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    Bad guess, I'm afraid. 6/4 actually means '2 groups of a dotted half' just as 6/8 means '2 groups of a dotted quarter'. – Laurence Payne May 8 at 21:23
  • 3/2 simply means 3 beats where every beat is notated as a halfnote. – Lars Peter Schultz Jul 14 at 15:45
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3/2 is a "simple triple time signature"simple means every beat is made up of 2 beats or each of these beats can be broken into two beats and triple because of containing 3 half notes in a measure, meaning there are 3 half or minim notes in a measure. That means all the notes in each measure must add up to 3 half notes, not more than or less than that. Any combination of notes can be used as long as they add up to 3 half notes, such as; one half note, two quarter notes,two eighth notes and one quarter note rest or so on.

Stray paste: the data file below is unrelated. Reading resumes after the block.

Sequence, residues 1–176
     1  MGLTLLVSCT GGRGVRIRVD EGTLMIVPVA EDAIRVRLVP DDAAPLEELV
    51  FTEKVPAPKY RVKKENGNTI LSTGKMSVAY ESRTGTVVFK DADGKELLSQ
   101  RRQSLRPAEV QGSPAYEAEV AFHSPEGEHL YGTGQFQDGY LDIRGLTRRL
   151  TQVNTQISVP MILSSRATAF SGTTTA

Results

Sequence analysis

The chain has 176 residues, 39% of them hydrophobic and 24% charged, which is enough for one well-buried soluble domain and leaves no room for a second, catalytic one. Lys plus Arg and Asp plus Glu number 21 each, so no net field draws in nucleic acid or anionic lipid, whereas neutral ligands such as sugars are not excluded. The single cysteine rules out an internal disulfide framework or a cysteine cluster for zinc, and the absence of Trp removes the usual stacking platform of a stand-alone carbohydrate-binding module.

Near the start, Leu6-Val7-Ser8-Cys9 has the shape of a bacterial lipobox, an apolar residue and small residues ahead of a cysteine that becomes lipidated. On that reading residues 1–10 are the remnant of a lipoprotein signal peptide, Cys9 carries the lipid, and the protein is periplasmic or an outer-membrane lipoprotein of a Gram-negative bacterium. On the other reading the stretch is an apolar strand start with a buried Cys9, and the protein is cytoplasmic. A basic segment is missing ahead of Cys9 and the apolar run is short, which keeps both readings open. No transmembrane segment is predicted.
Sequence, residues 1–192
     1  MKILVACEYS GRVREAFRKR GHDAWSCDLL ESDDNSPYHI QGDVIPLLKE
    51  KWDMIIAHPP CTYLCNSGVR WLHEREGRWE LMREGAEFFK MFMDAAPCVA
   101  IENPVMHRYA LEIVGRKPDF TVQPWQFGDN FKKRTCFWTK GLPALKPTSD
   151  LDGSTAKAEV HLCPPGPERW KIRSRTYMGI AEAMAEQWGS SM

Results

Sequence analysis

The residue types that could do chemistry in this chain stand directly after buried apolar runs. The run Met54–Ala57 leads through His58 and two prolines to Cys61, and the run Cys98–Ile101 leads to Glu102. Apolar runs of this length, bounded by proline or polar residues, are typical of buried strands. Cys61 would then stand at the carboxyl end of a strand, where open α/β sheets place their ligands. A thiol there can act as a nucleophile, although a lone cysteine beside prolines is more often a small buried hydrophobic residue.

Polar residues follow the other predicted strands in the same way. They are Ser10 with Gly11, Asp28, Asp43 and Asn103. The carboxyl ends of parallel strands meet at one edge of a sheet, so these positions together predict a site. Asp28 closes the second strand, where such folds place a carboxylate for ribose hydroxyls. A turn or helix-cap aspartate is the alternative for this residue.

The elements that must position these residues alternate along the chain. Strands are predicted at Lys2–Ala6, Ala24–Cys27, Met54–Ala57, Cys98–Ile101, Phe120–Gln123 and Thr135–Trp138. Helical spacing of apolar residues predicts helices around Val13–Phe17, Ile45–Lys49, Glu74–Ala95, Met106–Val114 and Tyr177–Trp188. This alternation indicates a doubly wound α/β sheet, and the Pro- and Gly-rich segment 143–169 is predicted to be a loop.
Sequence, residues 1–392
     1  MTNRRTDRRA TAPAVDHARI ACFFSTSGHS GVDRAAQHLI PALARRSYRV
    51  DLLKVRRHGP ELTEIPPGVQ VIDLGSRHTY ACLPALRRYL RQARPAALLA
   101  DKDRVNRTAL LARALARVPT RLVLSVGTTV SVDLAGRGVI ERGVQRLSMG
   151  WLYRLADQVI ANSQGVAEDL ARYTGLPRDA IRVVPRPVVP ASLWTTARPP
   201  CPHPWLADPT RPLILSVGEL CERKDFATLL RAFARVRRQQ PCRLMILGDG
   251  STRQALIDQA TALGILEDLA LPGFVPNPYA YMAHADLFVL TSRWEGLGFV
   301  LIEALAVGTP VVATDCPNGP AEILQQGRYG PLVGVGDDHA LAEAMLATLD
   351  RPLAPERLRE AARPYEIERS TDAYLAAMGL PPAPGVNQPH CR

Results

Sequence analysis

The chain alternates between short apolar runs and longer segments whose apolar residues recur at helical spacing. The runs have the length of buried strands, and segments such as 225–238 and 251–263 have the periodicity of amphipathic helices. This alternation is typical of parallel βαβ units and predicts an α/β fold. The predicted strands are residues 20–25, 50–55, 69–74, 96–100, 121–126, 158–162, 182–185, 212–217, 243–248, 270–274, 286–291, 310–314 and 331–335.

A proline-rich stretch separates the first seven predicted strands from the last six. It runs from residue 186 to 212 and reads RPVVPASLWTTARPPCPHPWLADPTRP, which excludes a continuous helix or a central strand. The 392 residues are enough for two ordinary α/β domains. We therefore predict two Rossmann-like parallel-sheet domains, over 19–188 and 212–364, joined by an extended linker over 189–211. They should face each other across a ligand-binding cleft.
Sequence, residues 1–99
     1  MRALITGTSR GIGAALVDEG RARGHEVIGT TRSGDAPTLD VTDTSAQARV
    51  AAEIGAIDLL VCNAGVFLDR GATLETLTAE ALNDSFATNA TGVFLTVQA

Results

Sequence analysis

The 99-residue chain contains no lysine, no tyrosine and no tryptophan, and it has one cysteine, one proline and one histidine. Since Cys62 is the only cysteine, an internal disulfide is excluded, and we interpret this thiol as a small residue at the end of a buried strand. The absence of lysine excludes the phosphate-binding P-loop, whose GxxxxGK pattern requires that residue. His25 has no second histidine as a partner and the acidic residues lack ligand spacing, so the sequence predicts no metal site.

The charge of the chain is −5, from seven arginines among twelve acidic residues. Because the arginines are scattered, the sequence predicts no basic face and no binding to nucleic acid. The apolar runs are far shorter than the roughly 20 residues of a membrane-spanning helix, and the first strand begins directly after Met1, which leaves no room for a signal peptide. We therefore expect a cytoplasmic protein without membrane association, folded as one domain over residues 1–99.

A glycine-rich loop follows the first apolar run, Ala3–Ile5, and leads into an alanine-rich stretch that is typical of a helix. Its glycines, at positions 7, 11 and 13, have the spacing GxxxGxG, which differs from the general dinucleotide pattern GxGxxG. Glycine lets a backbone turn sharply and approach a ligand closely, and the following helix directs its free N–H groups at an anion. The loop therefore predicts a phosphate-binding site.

In time signatures with 4 as the bottom number, such as 4/4 , 3/4 etc. time, the half note is two beats long. However, when 2 is used as the bottom  number a minim is 1 beat long.As we know top number in a time signature says how many beats are to be contained in each bar that is 3 and bottom number the note denomination,which represents one beat that is the minim or half-note.So 3/2 can be interpreted  as three  minim beats per bar and must be counted as 1 2 3 but will never be counted as 1 (2) 3 (4) 5 (6) because each half note gets 1 beat here.

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  • But note that in 6/4, 9/4 and 12/4 the dotted half is the beat. – Laurence Payne May 8 at 21:25
  • 3/2 can be explained in a very simple way: 3/2 means there are 3 beats in a bar and each beat is a half note. – Lars Peter Schultz Jul 11 at 9:46
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In 3/2 time signature the length of a Whole note or Rest is 2 beats long because the bottom no.of the time signature is 2, which is equivalent to 1 beat so a Half note's length is equal to 1 beat here.Since 2 Half notes equal a Whole note,the length of a Whole note is 2 beats long that can't cover an entire measure in 3/2 time. A Whole rest usually applies for an  entire measure so when an entire  bar is kept completely silent, a Whole or Semibreve rest is used,regardless of the use of any time signature.That is exactly why a Whole rest is used to cover an entire measure in 3/2 time signature.But the Whole rest needs to be drawn centered within the measure.